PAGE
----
The Difference Between a Process and an Event

Human psychology drives everything that you do. Why not spend a few minutes to learn how to harness it to your advantage?

Understanding your own psychology is a powerful way to set up systems that work for you. A successful system takes a little planning and thought but once running can have a profound impact on your life. In other words, exercising once for 60 minutes is great but exercising three days a week for 30 minutes every week will change your life.

How to set up a system to achieve anything

A process is a system for handling events. Whether or not you’ve thought about it deeply, almost everything you do is a process (also known as a habit).

Some habits are good and we want to keep them.

Some habits are bad and we want to remove them.

Other habits are neither good nor bad, result from neither planning nor purpose, but simply exist because we’re trying to get from point A to point B.

Habits are actions we take unconsciously that produce events.

You commute to work the same way every day, often crossing the streets at the same places or turning on the same streets. Your commute is an ingrained process that requires little conscious thought.

It produces an event: you arrive to work.

An event is something that happens, either as a result of a process (or habit) or because we’re trying to get from point A to point B.

Still with me? Hang on for a bit longer.

The magic of a process vs an event

The easiest part of a process is starting. Anyone can start!

More importantly, you’re always going from point A to point B anyway. For example, you already have a process for eating, budgeting, saving, sleeping, etc.

The hardest part of a process is keeping it going. After you’ve exercised for a few weeks, you no longer want to and so you stop.

And yet we all know that’s where the magic happens.

Building wealth is a process. It’s not enough to want to save money for a few days. You have to always want to save money.

An event is the EXACT OPPOSITE.

The hardest part of an event is starting. When it comes to actually exercising, I’m most resistant a few minutes before I start. I would prefer to stay in bed or just rest.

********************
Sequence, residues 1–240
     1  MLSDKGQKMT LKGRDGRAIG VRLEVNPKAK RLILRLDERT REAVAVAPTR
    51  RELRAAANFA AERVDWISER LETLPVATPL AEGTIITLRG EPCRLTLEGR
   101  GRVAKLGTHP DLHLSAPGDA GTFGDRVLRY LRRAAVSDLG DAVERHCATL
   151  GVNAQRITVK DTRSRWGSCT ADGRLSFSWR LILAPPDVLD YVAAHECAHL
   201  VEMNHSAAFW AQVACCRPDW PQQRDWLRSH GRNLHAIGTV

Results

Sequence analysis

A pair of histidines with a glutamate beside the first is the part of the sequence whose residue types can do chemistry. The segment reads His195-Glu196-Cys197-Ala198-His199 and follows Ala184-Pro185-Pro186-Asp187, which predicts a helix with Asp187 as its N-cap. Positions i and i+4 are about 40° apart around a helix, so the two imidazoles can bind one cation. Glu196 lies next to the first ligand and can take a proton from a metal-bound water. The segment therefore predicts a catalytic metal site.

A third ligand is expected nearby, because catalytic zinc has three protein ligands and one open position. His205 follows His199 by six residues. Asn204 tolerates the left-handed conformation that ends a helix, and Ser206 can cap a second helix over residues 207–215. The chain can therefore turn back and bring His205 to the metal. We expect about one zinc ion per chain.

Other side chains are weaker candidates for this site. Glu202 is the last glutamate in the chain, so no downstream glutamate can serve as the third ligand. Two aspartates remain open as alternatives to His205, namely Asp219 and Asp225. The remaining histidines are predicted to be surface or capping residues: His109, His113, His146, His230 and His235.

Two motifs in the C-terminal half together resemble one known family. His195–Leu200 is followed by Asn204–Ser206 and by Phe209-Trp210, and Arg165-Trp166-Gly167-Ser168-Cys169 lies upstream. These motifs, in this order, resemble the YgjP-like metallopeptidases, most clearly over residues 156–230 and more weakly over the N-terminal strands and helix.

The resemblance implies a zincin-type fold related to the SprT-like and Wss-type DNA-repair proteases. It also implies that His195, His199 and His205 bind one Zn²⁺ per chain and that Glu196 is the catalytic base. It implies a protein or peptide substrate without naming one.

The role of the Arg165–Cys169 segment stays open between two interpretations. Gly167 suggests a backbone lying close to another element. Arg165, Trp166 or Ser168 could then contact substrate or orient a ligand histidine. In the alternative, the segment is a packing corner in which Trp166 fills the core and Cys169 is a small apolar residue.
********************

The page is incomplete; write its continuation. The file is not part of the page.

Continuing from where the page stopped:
The easiest part of an event is keeping it going. Once I’ve started exercising, it’s usually no problem to continue. It’s a rare day that I do five minutes of cardio and then decide I want to stop.

What the hell does this have to do with money?

If we understand the difference of a process vs an event, we understand our own psychology.

Depositing money into your 401(k) is an event.

Making a student loan payment is an event.

It’s hard to start an event. You’re likely to be most resistant right before you do it.

So take yourself out of the equation and automate the event.

Making regular deposits into a 401(k) over the course of a year is a process.

Remember, the hardest part of a process is keeping it going, not the part where you decide you want to start.

Again, the solution is to take yourself out of the equation and automate the process.

If you want future-you to respect the decision made by today-you, make it as hard as possible for future-you to mess with your plans.

Protect yourself from yourself!

UH, what does all this mean?

If you got this far, congratulations. You understand the power of systems in our daily lives.

You probably also understand the importance of taking the time to design the systems that work for you.

Is getting frustrated and paying 70% of one month’s income toward your student loans a sustainable strategy to pay off your loans? Probably not.

Is setting up a separate student loan bank account, automatically transferring money each month and then having your student loan company apply an automatic extra payment going to eliminate your debt? Absolutely. Every time.

So, it stands to reasons that in order to be successful, you need to build a process that works for you in the long run.

True power and progress results from nailing a process, setting it on autopilot and letting it become ingrained into your life (just like a habit).

Once you get your financial life on autopilot, you will be building wealth in the most powerful way possible – free from conscious thought.

Does this apply in all parts of life?

Yep, pretty much. Our habits control us.

Can you interrupt a process?

Install a Google Chrome plugin that replaces your Facebook feed with an inspirational quote (Facebook News Eradicator).

Can you start a new process? What if I want to start flossing?

Link the new habit to an existing one like brushing your teeth. Before you know it, every time you brush you brush you’ll also be thinking about flossing.

If these ideas interest you, you might also like The Power of Habit: Why We Do What We Do in Life and Business. It’s a personal favorite of mine. And yes, I’ll make a few cents if you buy the book using my link (and THANK YOU if you do). If you decide not use my link, I won’t mind either.

But most importantly, go out and work on your processes/habits today! As the old proverb says, to know and not act is to not really know at all.

Joshua Holt is a former private equity M&A lawyer and the creator of Biglaw Investor. Josh couldn’t find a place where lawyers were talking about money, so he created it himself. He spends 10 minutes a month on Empower keeping track of his money and is always negotiating better student loan refinancing bonuses for readers of the site.

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    One thought on The Difference Between a Process and an Event

    1. Great post. I love creating systems and processes. I use them for investing, work, and at home. For investing, it takes the emotions out of decision making. At work, automation frees up time to focus more on consulting than task driven duties. At home, having a process keeps the place in order.

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